Volume and the Big Lie
“We’ve had a massive decline over the past week and a half. We’ve had a reasonably massive advance in the last 2 days. We’ve done the advance here in the United States on lesser volume. That’s always disconcerting to me. The market should follow volume. Volume should be rallying as the market rallies. Volume should be waning as the market falls off. This time: volume increased dramatically on the decline, volume has waned on the last 2 days advance. I think it’s reasonable and wise to take some money off the table … and to use this rally to be short.” – Dennis Gartman, June 29, 2016
Pundits absolutely love using volume in support of a call. “Volume should go up when the market goes up and down when the market goes down,” they say. Simple.
Actual analysis supporting such statements? Nonexistent.
From the lows on March 9, 2009, we have endured these nonsensical prophesies for 1,848 trading days. During this time, the rolling-10-day returns for the S&P 500 ETF ($SPY) have been down more than 5% on 59 occasions and up more than 5% on 98 occasions.
The average daily dollar volume during 10-day declines of more than 5%: $33.7 billion.
The average daily dollar volume during 10-day advances of more than 5%: $21.7 billion.
Imagine that. Time and time again, we have seen higher volume sell-offs and lower volume rallies (on average, 55% higher volume during declines). And time and time again the market has gone on to hit new highs.
Is this action indeed bearish?
Only if you believe that the 264% gain in the S&P since the 2009 lows is bearish.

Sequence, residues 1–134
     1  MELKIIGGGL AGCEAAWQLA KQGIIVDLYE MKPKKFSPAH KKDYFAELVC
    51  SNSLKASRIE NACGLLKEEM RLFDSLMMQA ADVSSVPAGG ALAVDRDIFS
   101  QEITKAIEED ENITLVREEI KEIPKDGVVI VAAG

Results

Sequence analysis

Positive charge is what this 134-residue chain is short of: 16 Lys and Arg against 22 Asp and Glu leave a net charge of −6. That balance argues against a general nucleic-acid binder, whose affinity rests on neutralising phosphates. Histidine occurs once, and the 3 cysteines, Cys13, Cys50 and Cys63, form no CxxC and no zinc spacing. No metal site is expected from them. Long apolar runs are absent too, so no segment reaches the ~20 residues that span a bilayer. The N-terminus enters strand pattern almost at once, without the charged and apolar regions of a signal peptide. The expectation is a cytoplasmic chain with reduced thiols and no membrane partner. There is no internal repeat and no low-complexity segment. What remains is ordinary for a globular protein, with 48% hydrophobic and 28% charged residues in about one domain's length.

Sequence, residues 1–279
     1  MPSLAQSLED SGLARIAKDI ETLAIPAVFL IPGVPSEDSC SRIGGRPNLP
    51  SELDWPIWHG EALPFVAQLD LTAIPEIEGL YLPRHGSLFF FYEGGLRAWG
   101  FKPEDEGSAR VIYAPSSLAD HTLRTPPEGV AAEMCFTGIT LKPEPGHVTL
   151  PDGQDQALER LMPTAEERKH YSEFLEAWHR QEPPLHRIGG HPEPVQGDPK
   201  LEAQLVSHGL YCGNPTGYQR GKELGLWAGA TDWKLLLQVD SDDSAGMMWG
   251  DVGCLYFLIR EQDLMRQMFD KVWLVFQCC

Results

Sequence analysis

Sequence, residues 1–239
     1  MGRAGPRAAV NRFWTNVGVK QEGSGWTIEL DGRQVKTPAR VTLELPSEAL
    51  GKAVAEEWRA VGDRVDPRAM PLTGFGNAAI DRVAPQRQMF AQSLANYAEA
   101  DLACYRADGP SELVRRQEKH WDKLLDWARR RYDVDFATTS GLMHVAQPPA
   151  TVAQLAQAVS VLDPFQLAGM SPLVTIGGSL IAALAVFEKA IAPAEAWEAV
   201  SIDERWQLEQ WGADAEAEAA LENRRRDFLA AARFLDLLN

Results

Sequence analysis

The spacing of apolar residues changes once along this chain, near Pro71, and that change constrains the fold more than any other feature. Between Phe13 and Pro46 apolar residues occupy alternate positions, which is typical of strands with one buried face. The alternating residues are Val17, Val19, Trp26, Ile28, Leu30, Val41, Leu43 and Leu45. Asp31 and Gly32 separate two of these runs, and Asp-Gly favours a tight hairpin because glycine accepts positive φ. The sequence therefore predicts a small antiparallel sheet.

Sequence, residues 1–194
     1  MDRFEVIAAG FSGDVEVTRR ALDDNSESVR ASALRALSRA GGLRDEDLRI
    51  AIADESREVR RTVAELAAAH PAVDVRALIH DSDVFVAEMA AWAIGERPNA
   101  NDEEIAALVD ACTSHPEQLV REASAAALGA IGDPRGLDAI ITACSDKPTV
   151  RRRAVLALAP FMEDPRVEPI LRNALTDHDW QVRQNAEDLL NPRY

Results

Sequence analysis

Only if you believe that strong forward returns on average are disconcerting.
Since March 2009, there have been 20 corrections greater than 5% in the S&P 500. There have been a myriad of “reasons” for these sell-offs (most recently “Brexit”) but they all had two things in common: 1) higher volume and 2) one pundit or another telling you to sell or short because of this ominous volume signal.
But why exactly is volume rising during corrections if not for impending doom? Maybe because market declines get much more attention than advances. Maybe because people panic and trade more when there is bad news in the headlines. Maybe because there’s increased volatility in the market which inevitably leads to increased trading among hedge funds and other professional traders/investors.
Whatever the reason, the evidence does not suggest that such an increase in volume is bearish. Nor does it suggest that a decrease in volume on a subsequent rally when bad news/volatility dies down is a cause for concern.
Now you know the big lie when it comes to volume. Why is it perpetuated? That’s another story for another day.
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This writing is for informational purposes only and does not constitute an offer to sell, a solicitation to buy, or a recommendation regarding any securities transaction, or as an offer to provide advisory or other services by Pension Partners, LLC in any jurisdiction in which such offer, solicitation, purchase or sale would be unlawful under the securities laws of such jurisdiction. The information contained in this writing should not be construed as financial or investment advice on any subject matter. Pension Partners, LLC expressly disclaims all liability in respect to actions taken based on any or all of the information on this writing.
CHARLIE BILELLO, CMT
Charlie Bilello is the Director of Research at Pension Partners, LLC, an investment advisor that manages mutual funds and separate accounts. He is the co-author of four award-winning research papers on market anomalies and investing. Mr. Bilello is responsible for strategy development, investment research and communicating the firm’s investment themes and portfolio positioning to clients. Prior to joining Pension Partners, he was the Managing Member of Momentum Global Advisors and previously held positions as a Credit, Equity and Hedge Fund Analyst at billion dollar alternative investment firms.
Mr. Bilello holds a J.D. and M.B.A. in Finance and Accounting from Fordham University and a B.A. in Economics from Binghamton University. He is a Chartered Market Technician (CMT) and a Member of the Market Technicians Association. Mr. Bilello also holds the Certified Public Accountant (CPA) certificate.
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